HC Deb 02 July 1936 vol 314 cc751-4

Order read for resuming Adjourned Debate on Question [29th June], "That the Bill be now read the Third time."

Question again proposed.

11.18 p.m.


There is a reference in this Bill to Scotland Yard and to the building to be erected for the Commissioner of Police. Does this mean that there is recognition of the Metropolitan Police as being a Government Department, with all the privileges that attach to a Government Department when it comes to the erection of buildings, the sites of buildings, and the obtaining of land? If that be so, I want to know why it is that the Metropolitan Police are placed in a category different from that of the police in other parts of the country. I certainly strongly object to this being looked upon as a Government Department and claiming privileges that are not held by the police forces in the country.

11.19 p.m.


I would say that this does not put the Metropolitan Police in any such position. It merely deals with a very small area of land, and in the building concerned makes it possible for certain agency work to be done on behalf of the police. It in no way alters the general position of the Metropolitan Police.

11.20 p.m.

Lieut.-Colonel MOORE

While warmly supporting the Bill, there are one or two points which I wish to put to my right hon. Friend. I endeavoured on the Report stage to move a new Clause, but for certain reasons I did not press my proposal. I now realise that I have to some extent given up a right which I might otherwise have had of intervening in this Debate. At the same time, I find in the Bill one or two matters of outstanding importance to which I should like to refer. Any moneys that are required are to be provided by Parliament, in other words by the subject.

That brings me to the point, What are the rights of the subject in relation to the Crown, and in mentioning the Crown I am, of course, merely alluding to those Government Departments which are responsible for the administration of Crown property. The ordinary subject apparently has no rights vis-a-vis the Crown. The home-coming cyclist may be pushed down by a Post Office van and he has no redress. The inoffensive pedestrian may be crashed into by an Army lorry and he has no rights in law. There is the further and more classic and also more appropriate example of the leaseholder of Crown property. The leaseholder of Crown property is in a peculiar position. He pays, but gets little or nothing in return. At least, it is entirely in the discretion of the Minister—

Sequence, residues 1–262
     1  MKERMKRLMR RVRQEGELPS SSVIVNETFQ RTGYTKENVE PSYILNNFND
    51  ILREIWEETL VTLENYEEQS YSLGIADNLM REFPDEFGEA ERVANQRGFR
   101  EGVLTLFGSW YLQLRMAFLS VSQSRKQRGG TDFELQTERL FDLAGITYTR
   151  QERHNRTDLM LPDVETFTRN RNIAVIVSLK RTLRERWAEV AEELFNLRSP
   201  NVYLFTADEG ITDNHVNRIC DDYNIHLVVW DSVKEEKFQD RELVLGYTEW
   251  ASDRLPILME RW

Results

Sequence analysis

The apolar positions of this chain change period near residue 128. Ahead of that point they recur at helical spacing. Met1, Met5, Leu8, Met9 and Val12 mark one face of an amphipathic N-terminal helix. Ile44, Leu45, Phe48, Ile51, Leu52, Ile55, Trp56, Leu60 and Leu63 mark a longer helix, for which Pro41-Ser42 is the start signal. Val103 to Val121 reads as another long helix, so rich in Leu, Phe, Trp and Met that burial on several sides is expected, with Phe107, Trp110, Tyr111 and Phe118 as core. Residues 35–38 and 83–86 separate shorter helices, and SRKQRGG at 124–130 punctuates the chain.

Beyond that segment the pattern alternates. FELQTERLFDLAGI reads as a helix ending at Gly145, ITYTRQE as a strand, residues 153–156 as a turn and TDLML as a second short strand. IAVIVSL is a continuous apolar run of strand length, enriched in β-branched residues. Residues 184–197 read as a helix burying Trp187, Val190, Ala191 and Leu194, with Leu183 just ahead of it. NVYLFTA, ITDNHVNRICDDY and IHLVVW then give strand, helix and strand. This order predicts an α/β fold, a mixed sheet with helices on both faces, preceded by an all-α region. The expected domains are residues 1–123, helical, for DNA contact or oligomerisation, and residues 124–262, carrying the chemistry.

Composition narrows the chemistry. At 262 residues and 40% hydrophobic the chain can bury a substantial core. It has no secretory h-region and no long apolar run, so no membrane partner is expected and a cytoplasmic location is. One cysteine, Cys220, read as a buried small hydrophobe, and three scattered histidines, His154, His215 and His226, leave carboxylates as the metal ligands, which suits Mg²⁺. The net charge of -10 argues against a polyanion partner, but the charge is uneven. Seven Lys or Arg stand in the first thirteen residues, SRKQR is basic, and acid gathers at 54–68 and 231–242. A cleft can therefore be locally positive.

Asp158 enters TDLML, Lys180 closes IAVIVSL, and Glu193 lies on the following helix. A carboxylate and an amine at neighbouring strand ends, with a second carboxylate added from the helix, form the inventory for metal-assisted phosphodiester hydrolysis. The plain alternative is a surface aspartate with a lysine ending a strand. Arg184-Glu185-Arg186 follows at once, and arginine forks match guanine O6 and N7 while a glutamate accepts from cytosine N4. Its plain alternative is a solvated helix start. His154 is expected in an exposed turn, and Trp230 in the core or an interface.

I do not see any Clause in the Bill referring to leaseholders.

Lieut.-Colonel MOORE

I was merely quoting that as an example showing the insufficiency of the rights of the subject against these Government Departments.


The hon. and gallant Gentleman has been long enough in the House to know that on the Third Reading we can only deal with what is in the Bill.

Lieut.-Colonel MOORE

I fully accept your Ruling, Mr. Deputy-Speaker, for there is no one whose opinion on these matters is of greater value, but if you will bear with me for a moment, I think I can show that I was merely endeavouring to give an example. I was pointing out that the subject is the person who pays for what is in the Bill, who pays for these buildings that are to be erected in Whitehall. Therefore, it is most important to analyse the rights of the subject in regard to the Crown or these Government Departments.


I hardly think that that would arise on the Third Reading; it might have been raised on the Second Reading.

Lieut.-Colonel MOORE

I must submit to your Ruling, Mr. Deputy-Speaker, but perhaps you would allow me to appeal to my right hon. Friend the Minister to receive in private discussion some of the observations which I might otherwise have felt compelled to make at this stage as regards Crown property. I have no wish to hold the attention of the House longer, but perhaps my right hon. Friend would indicate his willingness to have a consultation with the representatives of these Crown tenants.

Bill accordingly read the Third time, and passed.

The remaining Orders were read, and postponed.

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